The Perils of Pergamum -- By: Raymond L. Cox

Journal: Bible and Spade (First Run)
Volume: BSP 06:4 (Autumn 1977)
Article: The Perils of Pergamum
Author: Raymond L. Cox

The Perils of Pergamum

Raymond L. Cox

[Raymond L. Cox, a frequent contributor to BIBLE AND SPADE, is pastor of the Salem, Oregon Foursquare Church. He has traveled extensively in Bible lands and has written over 1650 articles on biblical and archaeological subjects. In addition, he is the author of four books.]

Pergamum is mentioned in only one Biblical context. The church there was one of seven in the province of Asia to which Jesus addressed messages in the early chapters of the book of Revelation. The King James Version translates the name “Pergamos,” for what reason no one has ever satisfactorily explained. The proper rendering is “Pergamum.”

The church at Pergamum had been ministering for some decades when Jesus directed the apostle John, “To the angel of the church in Pergamum write..” (Revelation 2:12). The “angel” is generally understood to be the pastor. How did the gospel get to this heathen mecca?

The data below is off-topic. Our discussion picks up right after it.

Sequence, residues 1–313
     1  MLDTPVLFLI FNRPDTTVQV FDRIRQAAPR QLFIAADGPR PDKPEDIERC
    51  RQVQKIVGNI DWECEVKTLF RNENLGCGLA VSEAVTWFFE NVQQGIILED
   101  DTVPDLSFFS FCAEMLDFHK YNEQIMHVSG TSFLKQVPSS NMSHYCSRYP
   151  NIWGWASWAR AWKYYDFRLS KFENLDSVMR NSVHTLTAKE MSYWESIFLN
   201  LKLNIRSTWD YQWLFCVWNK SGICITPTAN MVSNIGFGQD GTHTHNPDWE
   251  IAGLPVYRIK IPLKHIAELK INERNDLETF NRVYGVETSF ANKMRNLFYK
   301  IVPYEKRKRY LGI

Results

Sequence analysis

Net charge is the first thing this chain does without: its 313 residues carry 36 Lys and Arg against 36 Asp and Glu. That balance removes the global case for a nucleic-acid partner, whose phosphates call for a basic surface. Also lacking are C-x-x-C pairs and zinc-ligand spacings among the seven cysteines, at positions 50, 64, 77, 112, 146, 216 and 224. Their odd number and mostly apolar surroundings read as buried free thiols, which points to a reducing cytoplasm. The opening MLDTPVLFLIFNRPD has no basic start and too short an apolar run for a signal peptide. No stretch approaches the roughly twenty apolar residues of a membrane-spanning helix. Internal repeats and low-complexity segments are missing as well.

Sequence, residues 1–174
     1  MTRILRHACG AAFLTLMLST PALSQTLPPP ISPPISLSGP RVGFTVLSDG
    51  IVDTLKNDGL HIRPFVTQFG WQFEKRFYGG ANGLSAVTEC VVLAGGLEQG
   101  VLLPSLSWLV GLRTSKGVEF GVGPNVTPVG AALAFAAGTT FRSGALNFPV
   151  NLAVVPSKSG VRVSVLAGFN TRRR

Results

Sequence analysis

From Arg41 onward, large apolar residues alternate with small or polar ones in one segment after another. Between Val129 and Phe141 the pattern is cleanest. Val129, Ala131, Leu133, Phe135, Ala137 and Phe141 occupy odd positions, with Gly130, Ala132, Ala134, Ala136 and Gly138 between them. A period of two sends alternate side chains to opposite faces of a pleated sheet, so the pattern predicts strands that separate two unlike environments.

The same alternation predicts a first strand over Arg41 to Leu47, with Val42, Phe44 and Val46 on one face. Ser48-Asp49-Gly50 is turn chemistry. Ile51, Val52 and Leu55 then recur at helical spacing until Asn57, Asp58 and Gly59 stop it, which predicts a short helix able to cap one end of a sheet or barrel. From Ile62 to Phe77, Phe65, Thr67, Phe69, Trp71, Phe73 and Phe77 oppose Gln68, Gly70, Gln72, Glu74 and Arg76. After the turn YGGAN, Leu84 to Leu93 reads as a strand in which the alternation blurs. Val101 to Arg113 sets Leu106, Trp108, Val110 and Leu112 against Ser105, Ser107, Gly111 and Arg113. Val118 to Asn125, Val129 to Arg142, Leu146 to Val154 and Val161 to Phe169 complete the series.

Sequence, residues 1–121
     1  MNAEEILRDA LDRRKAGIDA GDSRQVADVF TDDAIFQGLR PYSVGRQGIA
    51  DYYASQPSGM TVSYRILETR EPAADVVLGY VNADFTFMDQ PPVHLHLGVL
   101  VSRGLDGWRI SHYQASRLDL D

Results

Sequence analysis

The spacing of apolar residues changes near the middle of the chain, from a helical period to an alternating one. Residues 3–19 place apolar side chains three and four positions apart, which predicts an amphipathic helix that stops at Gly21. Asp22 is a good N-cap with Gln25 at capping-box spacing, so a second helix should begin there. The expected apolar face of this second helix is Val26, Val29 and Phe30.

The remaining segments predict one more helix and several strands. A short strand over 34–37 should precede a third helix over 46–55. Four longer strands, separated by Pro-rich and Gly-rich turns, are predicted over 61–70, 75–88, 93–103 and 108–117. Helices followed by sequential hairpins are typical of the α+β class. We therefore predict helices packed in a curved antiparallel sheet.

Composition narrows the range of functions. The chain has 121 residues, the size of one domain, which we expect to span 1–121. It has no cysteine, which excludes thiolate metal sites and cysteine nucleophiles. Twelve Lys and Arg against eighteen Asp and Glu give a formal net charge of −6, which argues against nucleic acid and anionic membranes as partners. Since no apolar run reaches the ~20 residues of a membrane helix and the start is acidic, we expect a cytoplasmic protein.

There were Jews from the Roman proconsular province of Asia in the audience to which Peter preached on the day of Pentecost in Jerusalem (cf. Acts 2:9). Perhaps some of them were among the 3,000 converts to Christ on that occasion. After the feast they would return to their hometowns. Since Pergamum vied with Ephesus for recognition as the leading town in the province, it’s likely that a few at least of its citizens took back the new faith to their neighbors.

Or perhaps the church was planted at Pergamum during the first two years of Paul’s residence at Ephesus during his third missionary journey. All the citizens of Pergamum heard the gospel then, for Luke reports “All they which dwelt in Asia heard the word of the Lord Jesus, both Jews and Greeks” (Acts 19:10).

Pergamum’s ruins tower in Turkey today, but in New Testament times this whole area was inhabited by Greeks who never were rivalled as a race of colonists until the British came along. A few Greeks hung on into the 1920’s at the site where the Turkish town is now called Bergama (Turks often change P to B) which echoes the ancient name, and a church functioned there for centuries. But the exchange of populations between Greece and Turkey deported the aliens and with them the last Christians.

The first time I visited Pergamum I purchased a bus ticket for the 75 mile trip from Izmir (biblical Smyrna) for the equivalent of 38 cents! That was ten years ago. Even now costs in Turkey are rock-bottom, as the Turks devalue their Lira whenever America’s dollar drops in value. I ...

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